First, last post I forgot to include a quote to finish my quote challenge from Terry Knott. (She's been doing some interesting quilting that she shares in her latest blog post, if you want to check it out.) So, here is my final quote:
"You can't use up creativity. The more you use, the more you have." -- Maya Angelou
Definitely something I need to remember!
On the quilting side, I've continued working on quilting my Bonnie Hunter mystery quilt. There's really not much more to see than I showed you last time.
I've done a bunch more knitting, too. I realized that I should include information about the pattern with each of my knitting projects to acknowledge the designer and to give me a reference if I want to go back and make something again. So I will try to do that from now on.
My first hat was from the Spiralini Hat pattern by Jane Tanner of Knit Jane Knit. This was a pretty cool pattern because the spiral is created by the stitches that are used, not by offsetting the pattern with each round. I was really surprised at how this worked. Here is a side view of the hat:
And the top:
And here is Lance modelling for us:
Doesn't he look debonair in this slouchy style hat???
My second hat is called Brambles by Amanda Muscha of Strange Knits. What drew me to this pattern was how it looks from the top:
Isn't that cool? And here it is from the side:
Lots of cool cables! It's hard to see the hat on Lance:
My final hat for this time is the Butterfly Hat by Sofiya Cremin. Even though the description was good, it took me a while to figure out how to make the butterflies. I think I had a picture in my head of how the butterflies would be made before reading the instructions and that kept me from understanding how to do it at first. But once I got it figure out, everything went really well. Here is a side shot of the hat:
And a close-up of one of the butterflies:
Isn't that cool? And a shot of the top:
Finally, my beautiful Lance showing it off:
Since I was getting sick of the pink yarn (yes, there's still quite a lot left!), I decided to pull out some fun yarn and make a cowl for my sister for her birthday next week. I used the Fir Cone Cowl pattern by Vermont Farmhouse Designs. The color of the cowl is actually a little lighter than in the picture:
I decided not to have Lance model this one because it was so nicely blocked that I didn't want to mess it up.
Lance has been having a lot of fun lately enjoying the spring snow before it disappears. Last weekend we still had quite a bit left from the blizzard. While I was hanging the laundry on the line, Lance was running around the house like a crazy dog. Here he is mid-leap:
Then he would come to a screeching stop and sit completely still on top of the piles the come off the roof:
It was hilarious!! I tried to take a little movie, but I couldn't figure out how to do that on my camera. Oh well, the pictures are still funny!
Finally, I started to work on my Hoffman Challenge quilt. As promised, I'll scroll down the page really far so if you are also working on the challenge and don't want to see what I'm doing, you can move on. Thanks for stopping by!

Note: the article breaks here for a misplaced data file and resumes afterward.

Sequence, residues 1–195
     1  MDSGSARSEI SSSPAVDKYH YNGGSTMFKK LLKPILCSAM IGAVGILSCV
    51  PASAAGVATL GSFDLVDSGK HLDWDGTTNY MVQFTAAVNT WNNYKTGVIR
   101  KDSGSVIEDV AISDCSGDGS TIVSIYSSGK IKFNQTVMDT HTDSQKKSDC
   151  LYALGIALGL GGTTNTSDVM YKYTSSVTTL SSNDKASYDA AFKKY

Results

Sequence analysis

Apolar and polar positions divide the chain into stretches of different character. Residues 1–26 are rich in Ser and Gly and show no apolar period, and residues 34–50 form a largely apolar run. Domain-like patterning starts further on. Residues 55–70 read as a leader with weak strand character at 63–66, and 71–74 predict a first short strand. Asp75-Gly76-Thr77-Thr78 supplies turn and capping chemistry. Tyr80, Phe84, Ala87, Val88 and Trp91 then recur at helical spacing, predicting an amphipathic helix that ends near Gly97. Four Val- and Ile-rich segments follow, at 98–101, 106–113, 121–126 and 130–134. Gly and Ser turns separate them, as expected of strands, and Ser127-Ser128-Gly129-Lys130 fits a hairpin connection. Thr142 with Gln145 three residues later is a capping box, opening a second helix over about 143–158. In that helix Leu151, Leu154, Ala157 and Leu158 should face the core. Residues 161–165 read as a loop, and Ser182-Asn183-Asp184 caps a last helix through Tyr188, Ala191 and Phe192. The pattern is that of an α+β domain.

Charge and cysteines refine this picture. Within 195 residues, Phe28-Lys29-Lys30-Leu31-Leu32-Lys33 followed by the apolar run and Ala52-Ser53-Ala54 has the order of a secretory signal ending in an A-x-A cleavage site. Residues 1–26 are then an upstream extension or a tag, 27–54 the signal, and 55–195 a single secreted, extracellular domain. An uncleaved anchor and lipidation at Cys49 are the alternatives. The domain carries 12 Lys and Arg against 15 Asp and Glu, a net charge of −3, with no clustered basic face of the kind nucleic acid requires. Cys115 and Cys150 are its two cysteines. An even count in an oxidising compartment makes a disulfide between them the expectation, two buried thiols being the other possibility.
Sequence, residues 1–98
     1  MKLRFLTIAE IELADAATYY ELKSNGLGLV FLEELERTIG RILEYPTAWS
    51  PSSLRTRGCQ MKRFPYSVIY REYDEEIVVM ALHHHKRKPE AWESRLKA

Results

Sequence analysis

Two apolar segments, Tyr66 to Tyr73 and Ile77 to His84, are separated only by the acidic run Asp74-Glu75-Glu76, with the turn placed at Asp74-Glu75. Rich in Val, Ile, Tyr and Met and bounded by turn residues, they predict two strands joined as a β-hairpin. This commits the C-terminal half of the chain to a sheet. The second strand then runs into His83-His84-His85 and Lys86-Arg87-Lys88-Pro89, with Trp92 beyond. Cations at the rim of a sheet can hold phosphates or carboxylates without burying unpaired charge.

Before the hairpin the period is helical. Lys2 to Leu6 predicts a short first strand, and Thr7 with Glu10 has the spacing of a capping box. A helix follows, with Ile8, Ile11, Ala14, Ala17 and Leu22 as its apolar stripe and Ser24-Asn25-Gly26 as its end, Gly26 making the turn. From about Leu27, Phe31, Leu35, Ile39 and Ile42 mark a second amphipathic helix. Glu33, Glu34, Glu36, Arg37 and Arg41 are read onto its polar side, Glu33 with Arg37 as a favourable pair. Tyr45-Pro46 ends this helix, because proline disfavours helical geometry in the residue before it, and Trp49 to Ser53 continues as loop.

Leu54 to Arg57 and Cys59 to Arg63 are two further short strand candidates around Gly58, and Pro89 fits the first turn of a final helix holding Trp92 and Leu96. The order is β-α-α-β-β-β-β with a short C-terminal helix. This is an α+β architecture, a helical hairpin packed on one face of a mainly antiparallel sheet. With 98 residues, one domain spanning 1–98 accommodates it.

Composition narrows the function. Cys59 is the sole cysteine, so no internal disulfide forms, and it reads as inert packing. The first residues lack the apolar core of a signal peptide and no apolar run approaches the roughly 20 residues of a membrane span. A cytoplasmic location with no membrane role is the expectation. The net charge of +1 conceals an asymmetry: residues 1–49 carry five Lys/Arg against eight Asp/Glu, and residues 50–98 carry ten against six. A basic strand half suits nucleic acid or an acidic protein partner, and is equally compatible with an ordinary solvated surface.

For those of you not familiar with the Hoffman Challenge, Hoffman is a fabric company who picks a fabric each year and you have to make a quilt using that fabric in whatever way you want. There is no specific minimum amount of the fabric you have to use in the quilt, the fabric just has to be recognizable in the top. This year, for the first time, there are actually two fabrics that you can choose from, one with a white background and the other with black:
The black and white made me think of yin-yang so I thought I'd make a large yin-yang symbol. I started off by printing out a large symbol (about 27" square). I plan to use the 6-minute circle technique described by Dale Fleming in Pieced Curves So Simple for all of the curved piecing. To do this, I need freezer paper patterns for the different curves, so I cut the printed pattern so I could trace around it:
Then I started preparing the freezer paper. I've read that freezer paper shrinks when ironed, so I ironed each individual piece:
The pattern is wider than the freezer paper, so I ironed two pieces together to get the needed width:
I did this twice, then ironed them together to get a double-thick piece. I rotated the top piece 90 degrees so the seams would only cross in a small place:
Then I traced around the pattern:
I need the part outside of the circle for piecing the final yin-yang symbol to the background so I cut carefully on the line and put that piece aside. I used a rotary cutter to start the cut since I needed both the inside and the outside to be pristine, then finished the cut with scissors because I was worried about going off the line with the rotary cutter. I then cut the yin and yang apart in the pattern and traced that boundary:
With some careful cutting, I now how two patterns for the yin and the yang:
I'll let these sit for a bit while I decide whether I'm going to use the Hoffman fabric for the yin and yang, or I'm going to use solids for the yin and yang and use the Hoffman fabrics somewhere else.
That's it for now. I hope you're finding some time to follow your passions and feed your creativity,